Three quarters of a century of good times have fatally weakened our society.
In a fine attempt in the London Daily Telegraph to fathom the idiocy of the Biden administration’s mishandling of its Afghanistan withdrawal, Calvin Robinson quotes an excellent epigram by former US Marine G Michael Hopf; “Hard times create strong men, strong men create good times, good times create weak men, and weak men create hard times.”
This applies in spades to the Covid epidemic. The years since 1945 have been, for most of the western world, unprecedentedly good times, to the extent that large numbers of our populations have barely any personal experience of hardship, let alone of a threat to their lives. We have come to believe that this is the natural way of the world, and not the extraordinary, and extraordinarily rare outcome of the efforts of the strong men who, until 1945, ran the world and fought its wars. We now elect politicians who pander to our delusions about the world, rather than leading us out of them. We have become, as a consequence, fatally ill-equipped to deal with the rude awakening that Covid has brought – the bad news that bad stuff can still happen, and that it may, just possibly, kill you.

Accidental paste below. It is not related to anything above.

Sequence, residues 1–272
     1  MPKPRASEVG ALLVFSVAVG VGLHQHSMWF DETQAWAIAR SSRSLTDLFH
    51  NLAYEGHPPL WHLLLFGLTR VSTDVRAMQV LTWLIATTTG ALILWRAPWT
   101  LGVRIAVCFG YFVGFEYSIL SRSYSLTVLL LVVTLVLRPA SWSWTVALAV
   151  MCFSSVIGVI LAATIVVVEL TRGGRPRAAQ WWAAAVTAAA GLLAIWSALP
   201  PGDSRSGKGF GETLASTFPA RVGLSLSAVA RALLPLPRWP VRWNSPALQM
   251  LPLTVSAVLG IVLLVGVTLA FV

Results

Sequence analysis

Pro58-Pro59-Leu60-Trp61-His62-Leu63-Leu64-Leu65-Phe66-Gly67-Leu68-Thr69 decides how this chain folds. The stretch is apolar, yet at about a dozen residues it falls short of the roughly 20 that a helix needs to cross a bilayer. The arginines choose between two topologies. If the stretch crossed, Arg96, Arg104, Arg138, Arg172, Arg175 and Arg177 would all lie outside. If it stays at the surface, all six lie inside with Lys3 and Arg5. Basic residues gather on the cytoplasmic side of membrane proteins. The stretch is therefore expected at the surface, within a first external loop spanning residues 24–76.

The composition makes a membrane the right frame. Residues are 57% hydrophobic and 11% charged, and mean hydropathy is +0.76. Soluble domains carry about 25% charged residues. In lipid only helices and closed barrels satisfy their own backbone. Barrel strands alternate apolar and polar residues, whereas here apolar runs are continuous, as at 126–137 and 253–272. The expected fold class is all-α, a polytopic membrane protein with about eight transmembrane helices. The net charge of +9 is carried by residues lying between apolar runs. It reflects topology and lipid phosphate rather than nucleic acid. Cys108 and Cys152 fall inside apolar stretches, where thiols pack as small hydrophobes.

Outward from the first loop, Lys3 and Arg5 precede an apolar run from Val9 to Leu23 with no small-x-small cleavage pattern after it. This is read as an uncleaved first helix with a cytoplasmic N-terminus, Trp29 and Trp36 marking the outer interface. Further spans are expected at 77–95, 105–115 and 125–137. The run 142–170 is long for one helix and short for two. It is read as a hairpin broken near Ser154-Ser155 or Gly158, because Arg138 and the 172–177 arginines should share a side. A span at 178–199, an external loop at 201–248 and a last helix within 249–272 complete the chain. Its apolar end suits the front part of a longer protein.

Here in NSW, Gladys has finally come out and said that Zero Covid is an “impossible task”. While it’s welcome that she is at last beginning to prepare her maniacally risk-averse citizenry for what she must now see as inevitable – the winding back of her ruinous lockdown policies, and the rise in Covid cases and deaths this will bring, it’s fair to ask, ‘if now, why not then?’
Why, with all the evidence from around the world of the futility of lockdowns, did she allow herself to be painted into the corner from which she is only now beginning to extricate herself? Why was it necessary to burn billions of dollars and immiserate her citizens, before bowing to an inevitable that was obvious, to anyone with the courage to see it, from the start?
The answer must be that the strength and courage she appeared to show in 2020 – her willingness to face down the craven bleatings of her southerly and northerly neighbours, were in limited supply.
Weak men, indeed. Weak women, too.